More families in the city have electricity and water than in some developing nations. More young workers have discovered their entrepreneurial skills. The National Curriculum Development Center has developed an integrated curriculum, a syllabus designed to harness the country’s creativity as adroitly as it harvests Lesotho’s abundant water, aiming to benefit sustainable development and the longevity of the nation’s long tradition of unity and morality.

Two malls, one owned by the king, feature Western-looking stores with clever names and marketing campaigns, where white collar workers spend their salaries and factory workers might spend a month’s salary on a suitcase or bicycle.

Still, like many Africans and even more so, the Basotho people protect tradition. They pray at the beginning of every meeting. They greet each stranger who passes. They value the keeping of promises. They ask about the health and well-being of the family—and on the same dirt road where the little girl walked, every family grows its garden of maize and spinach, bedecked with purple mint, wildflower relatives of the deadnettle and henbit that grow near cornfields. Every yard, serving four families, also sports a healthy peach tree or an avocado plant.

Along the road, commuters walk to work wearing business suits, headdresses and calico skirts, and every line of fashion in between. A traditional man remembers life in the past century. He tugs at his Basotho blanket, tips his conical hat, the mokoratlo, and stops to greet a stranger with a warm, “Dumela, Mme. Tell me about your day, about your walk, about the place where you stay when you go home on the plane…Your Southwestern mountains look like our mountains? Yes, is that so?… I dreamed of going there once myself. Oh, but I must take my leave now, so I will trust you to this kind lady walking past. She will take you safely over the puddles to your destination”—and indeed, she does.

Meanwhile, up in the Highlands, the sheep and goat and cow tenders on either side of the two-lane road gaze over mountains and valleys infinite as green blankets shaken out and laid over bushels of apples or maize, some flat, some pointed, all stretching out forever. Clouds cast shadows over the mountains’ shoulders. Standing alone, staring into the maw of the infinite canyons, you might expect a silence equally infinite. Instead you invariably hear the tinkle of a goat’s bell, reminding you that you are never alone. Human and animal settlers claim this scene as their daily workplace as well as their commute.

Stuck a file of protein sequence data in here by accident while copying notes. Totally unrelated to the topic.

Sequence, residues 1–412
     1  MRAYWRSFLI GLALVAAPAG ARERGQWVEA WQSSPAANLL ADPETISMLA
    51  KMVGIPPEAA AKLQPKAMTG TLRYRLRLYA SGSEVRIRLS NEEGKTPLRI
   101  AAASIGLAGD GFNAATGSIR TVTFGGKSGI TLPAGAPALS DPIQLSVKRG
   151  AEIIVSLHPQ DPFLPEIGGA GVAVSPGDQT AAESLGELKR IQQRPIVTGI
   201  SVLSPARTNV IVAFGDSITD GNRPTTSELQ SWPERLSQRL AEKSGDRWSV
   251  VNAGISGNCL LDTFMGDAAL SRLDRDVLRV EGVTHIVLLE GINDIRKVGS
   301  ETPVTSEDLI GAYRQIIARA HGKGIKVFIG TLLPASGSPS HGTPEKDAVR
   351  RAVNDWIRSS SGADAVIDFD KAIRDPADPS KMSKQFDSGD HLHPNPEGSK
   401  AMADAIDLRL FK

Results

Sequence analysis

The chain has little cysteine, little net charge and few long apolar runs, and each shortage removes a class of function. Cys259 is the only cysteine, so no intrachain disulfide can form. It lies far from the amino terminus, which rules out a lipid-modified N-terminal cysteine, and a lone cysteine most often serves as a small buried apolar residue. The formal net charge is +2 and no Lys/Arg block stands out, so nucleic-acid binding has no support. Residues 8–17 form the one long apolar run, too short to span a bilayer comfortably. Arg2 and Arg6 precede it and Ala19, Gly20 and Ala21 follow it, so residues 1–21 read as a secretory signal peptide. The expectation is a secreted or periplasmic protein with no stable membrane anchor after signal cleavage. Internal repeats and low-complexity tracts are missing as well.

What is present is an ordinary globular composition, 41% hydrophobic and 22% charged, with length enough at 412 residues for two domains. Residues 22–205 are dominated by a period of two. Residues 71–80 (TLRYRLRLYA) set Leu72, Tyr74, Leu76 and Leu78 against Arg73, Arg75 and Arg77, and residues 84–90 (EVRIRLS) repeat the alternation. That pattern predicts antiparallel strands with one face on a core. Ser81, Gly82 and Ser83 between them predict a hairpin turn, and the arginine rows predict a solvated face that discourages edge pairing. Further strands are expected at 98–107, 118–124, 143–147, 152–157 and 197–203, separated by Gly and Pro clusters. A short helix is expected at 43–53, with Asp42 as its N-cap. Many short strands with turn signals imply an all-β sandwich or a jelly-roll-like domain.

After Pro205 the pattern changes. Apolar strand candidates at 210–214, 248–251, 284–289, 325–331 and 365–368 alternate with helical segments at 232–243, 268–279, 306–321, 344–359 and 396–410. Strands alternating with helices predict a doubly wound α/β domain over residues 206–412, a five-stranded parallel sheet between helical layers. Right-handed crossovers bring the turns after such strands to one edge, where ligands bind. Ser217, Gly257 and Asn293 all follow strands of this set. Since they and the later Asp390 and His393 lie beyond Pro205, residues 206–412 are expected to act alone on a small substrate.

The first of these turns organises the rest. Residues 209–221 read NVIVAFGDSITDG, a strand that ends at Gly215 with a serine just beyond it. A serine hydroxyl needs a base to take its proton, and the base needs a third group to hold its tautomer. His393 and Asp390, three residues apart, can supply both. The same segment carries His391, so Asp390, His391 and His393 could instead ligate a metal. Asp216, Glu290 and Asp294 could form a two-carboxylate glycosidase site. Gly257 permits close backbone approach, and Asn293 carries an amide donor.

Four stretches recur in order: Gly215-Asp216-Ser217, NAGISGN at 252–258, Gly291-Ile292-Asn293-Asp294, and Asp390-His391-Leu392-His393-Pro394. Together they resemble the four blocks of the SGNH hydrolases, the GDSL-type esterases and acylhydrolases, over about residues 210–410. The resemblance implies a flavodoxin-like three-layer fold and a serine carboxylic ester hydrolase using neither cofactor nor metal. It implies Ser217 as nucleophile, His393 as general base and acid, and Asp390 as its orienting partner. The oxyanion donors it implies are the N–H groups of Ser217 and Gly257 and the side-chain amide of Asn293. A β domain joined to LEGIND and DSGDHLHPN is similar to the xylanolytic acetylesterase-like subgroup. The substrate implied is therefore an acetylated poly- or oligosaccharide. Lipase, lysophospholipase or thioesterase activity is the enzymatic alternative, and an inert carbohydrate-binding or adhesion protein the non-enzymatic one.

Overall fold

A land where grace survives, where concern for the health of a stranger’s brother still takes precedence over other priorities, a country whose natural beauty rivals that of any other, the mountain kingdom of Lesotho land and its Basotho people, gently lace the heartstrings.

2020: Full-Circle Learning Status Report

Full-Circle Learning cultivated its early relationship with schools in Mokhotlong. Students in that highland community helped their people develop sustainability in growing trees and preparing cropland over the course of a generation. As our 2017 FCL Community Impact Study identified the value of the project, as well as the challenge of sustaining programs in a mountain region where teachers often matriculated to the capital city, bringing their skills with them, it became prudent to collaborate with the stakeholders who had used this example as inspiration in redesigning their national curriculum goals. They saw the value of our common vision.

Maureen Mungai, the long-term Full-Circle Learning Consultant to Lesotho, returned to Lesotho with Sana Moussavi. They began to work with the National Curriculum Development Center to assist in aligning the goals outcomes of providers of higher education and the new integrated education syllabus, working through designated pilot schools and supported by the Inspectorate of the Lesotho Ministry of Education.

Mokhotlong schools would continue to receive training support, but the impetus for educating new and existing teachers and for integrating the goals of the national curriculum with the practical tools offered available through Full-Circle Learning would enhance the country’s advance toward greater self-sufficiency, resiliency, purpose, for the integration of character and academic development among its students and for the achievement of sustainable development goals in its communities. Sana Moussavi, the EHG Corporate Philanthropy specialist, would intermittently return to provide continuity as FCL identified an on-the-ground liaison who could offer support for the first African nation to meld higher education training, Education Ministry support and National Curriculum elements to build an inter-connected approach to community transformation, through Full-Circle Learning.  By the end of 2019, the stakeholders were ready for the next step.